All stalking is obsessive and entitled but the motivations and behaviour behind stalking can be very different. Madigan provides statistics and anecdotal examples to support her investigation. She discusses the five types of stalker: The Rejected Stalker (often after the breakdown of a relationship); The Intimacy Seeker (who longs for a relationship; this is entangled with erotomania – the delusional belief that another person, usually of a higher social status, is in love with them ie the celebrity stalker); The Resentful Stalker (seeking revenge or retribution); The Incompetent Suitor (seeking short-term gratification spawned by loneliness or lust); and finally The Predator (less common but a more serious risk – the deadly and chilling attention of a stranger). She deconstructs how all of these perpetrators impact or restrict someone’s life in so many ways.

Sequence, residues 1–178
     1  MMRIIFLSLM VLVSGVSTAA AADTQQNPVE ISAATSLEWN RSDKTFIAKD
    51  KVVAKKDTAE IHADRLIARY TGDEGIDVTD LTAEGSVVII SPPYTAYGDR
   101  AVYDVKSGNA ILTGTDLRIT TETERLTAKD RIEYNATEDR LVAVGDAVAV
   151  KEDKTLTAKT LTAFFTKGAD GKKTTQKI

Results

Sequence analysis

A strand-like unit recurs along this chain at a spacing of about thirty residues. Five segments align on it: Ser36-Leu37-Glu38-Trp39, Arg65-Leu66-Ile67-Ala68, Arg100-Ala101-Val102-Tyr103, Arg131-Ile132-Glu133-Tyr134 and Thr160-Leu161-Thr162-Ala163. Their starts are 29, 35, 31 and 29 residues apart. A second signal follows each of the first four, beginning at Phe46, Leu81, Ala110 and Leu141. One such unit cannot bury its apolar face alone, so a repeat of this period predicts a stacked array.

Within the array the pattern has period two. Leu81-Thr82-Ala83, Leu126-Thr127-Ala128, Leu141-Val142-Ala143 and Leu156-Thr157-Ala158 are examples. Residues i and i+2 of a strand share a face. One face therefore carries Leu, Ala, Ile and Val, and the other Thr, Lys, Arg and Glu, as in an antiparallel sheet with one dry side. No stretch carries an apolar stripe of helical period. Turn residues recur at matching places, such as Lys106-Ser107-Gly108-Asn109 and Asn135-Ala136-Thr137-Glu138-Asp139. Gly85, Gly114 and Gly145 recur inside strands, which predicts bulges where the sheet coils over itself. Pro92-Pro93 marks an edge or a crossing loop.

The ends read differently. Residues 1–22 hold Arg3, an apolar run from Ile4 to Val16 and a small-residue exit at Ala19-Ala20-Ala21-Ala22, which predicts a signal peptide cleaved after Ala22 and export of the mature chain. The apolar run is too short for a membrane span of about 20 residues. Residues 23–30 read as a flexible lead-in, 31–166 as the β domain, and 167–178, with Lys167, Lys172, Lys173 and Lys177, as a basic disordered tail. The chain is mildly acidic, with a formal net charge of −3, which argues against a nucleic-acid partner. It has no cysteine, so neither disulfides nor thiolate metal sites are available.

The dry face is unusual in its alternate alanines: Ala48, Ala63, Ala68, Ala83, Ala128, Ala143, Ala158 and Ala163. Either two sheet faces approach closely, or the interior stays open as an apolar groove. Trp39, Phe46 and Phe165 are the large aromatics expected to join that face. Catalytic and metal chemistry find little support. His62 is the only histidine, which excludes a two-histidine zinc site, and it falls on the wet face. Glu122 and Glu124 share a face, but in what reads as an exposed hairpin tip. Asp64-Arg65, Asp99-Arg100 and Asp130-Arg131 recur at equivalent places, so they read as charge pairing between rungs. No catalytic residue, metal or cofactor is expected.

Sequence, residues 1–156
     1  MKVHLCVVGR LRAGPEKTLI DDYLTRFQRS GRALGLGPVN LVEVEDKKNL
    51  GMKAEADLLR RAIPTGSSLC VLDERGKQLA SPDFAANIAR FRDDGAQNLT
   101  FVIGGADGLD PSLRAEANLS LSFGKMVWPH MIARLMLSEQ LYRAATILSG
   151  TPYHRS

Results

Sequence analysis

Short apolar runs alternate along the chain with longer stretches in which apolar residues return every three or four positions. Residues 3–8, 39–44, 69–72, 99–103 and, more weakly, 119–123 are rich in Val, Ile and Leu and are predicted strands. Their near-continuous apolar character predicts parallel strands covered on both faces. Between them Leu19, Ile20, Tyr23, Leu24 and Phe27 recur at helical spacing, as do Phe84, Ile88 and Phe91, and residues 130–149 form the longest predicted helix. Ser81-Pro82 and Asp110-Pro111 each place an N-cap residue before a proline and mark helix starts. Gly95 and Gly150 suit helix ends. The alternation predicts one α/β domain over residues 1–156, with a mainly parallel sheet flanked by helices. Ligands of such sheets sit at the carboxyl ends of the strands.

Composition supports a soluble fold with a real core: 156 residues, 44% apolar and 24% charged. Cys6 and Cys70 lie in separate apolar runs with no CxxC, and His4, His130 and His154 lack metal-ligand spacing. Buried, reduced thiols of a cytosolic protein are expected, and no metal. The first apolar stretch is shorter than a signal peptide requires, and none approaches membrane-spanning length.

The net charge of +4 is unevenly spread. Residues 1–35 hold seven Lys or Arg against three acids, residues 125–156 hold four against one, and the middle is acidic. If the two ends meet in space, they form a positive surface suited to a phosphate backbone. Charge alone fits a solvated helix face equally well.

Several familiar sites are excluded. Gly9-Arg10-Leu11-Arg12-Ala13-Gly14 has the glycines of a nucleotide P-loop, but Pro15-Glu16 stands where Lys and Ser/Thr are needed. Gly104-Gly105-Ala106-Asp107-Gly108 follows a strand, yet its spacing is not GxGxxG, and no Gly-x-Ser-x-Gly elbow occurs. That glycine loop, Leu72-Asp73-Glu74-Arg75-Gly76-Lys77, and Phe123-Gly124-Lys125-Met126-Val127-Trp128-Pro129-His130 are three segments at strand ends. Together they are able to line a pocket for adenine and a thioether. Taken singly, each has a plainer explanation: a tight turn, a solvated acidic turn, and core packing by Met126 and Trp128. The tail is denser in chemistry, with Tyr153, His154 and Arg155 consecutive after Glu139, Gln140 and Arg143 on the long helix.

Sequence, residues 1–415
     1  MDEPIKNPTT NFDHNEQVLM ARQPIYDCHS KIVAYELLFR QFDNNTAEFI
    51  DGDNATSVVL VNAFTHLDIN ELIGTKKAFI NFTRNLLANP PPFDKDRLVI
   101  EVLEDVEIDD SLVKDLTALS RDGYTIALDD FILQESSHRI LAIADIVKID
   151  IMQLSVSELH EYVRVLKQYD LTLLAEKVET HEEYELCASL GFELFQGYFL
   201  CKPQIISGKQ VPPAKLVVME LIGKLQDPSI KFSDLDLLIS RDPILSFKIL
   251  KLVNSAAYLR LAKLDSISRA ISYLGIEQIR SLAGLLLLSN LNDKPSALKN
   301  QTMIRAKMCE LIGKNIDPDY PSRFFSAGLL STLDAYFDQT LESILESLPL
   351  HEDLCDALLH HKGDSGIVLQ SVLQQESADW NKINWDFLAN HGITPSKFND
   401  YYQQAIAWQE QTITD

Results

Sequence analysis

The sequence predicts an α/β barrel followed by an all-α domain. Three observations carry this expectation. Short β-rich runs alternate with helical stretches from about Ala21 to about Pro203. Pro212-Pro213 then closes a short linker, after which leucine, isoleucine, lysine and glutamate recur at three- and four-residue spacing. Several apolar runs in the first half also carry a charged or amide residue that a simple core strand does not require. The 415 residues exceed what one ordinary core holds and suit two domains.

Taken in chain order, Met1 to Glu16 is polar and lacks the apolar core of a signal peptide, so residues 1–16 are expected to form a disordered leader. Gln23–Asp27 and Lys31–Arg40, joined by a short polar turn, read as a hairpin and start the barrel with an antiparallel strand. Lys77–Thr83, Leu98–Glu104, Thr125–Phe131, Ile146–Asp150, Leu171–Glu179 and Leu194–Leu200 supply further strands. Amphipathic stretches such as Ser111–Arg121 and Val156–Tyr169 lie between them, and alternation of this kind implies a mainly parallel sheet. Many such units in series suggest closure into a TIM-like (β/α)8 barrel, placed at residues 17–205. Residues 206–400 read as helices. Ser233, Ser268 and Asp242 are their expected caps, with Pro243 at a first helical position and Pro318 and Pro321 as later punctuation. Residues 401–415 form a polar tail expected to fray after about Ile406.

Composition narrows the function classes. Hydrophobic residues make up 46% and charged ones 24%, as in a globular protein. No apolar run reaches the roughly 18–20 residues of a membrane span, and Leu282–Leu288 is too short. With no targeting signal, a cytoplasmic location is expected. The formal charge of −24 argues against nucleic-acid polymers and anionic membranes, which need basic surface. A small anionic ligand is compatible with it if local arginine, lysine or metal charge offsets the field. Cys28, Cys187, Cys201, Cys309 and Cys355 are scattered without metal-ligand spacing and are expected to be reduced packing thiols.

Other topics include the difference in gender attitudes, the line between love/loyalty and obsession, mental health, religion and the importance of a Victim Impact Statement (VIS). In fact, Madigan includes her own VIS at the end of the book, and it is an extremely powerful document; she states that connecting with others is empowering, validating and comforting.